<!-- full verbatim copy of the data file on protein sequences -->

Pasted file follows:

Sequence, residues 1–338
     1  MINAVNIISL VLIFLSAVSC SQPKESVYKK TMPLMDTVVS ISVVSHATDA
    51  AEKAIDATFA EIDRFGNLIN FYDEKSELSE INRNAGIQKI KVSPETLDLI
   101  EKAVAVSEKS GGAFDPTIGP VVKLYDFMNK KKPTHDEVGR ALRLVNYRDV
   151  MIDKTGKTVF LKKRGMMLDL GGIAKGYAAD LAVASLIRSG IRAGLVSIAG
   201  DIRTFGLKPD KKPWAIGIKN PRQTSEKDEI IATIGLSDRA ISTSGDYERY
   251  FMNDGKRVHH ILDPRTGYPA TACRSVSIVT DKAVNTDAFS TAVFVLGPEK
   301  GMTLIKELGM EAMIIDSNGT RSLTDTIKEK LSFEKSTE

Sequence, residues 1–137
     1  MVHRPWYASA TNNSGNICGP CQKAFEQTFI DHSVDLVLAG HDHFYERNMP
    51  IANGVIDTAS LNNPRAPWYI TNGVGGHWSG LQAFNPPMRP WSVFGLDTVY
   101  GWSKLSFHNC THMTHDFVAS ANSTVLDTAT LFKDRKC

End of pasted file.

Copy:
Sequence, residues 1–338
     1  MINAVNIISL VLIFLSAVSC SQPKESVYKK TMPLMDTVVS ISVVSHATDA
    51  AEKAIDATFA EIDRFGNLIN FYDEKSELSE INRNAGIQKI KVSPETLDLI
   101  EKAVAVSEKS GGAFDPTIGP VVKLYDFMNK KKPTHDEVGR ALRLVNYRDV
   151  MIDKTGKTVF LKKRGMMLDL GGIAKGYAAD LAVASLIRSG IRAGLVSIAG
   201  DIRTFGLKPD KKPWAIGIKN PRQTSEKDEI IATIGLSDRA ISTSGDYERY
   251  FMNDGKRVHH ILDPRTGYPA TACRSVSIVT DKAVNTDAFS TAVFVLGPEK
   301  GMTLIKELGM EAMIIDSNGT RSLTDTIKEK LSFEKSTE

Sequence, residues 1–137
     1  MVHRPWYASA TNNSGNICGP CQKAFEQTFI DHSVDLVLAG HDHFYERNMP
    51  IANGVIDTAS LNNPRAPWYI TNGVGGHWSG LQAFNPPMRP WSVFGLDTVY
   101  GWSKLSFHNC THMTHDFVAS ANSTVLDTAT LFKDRKC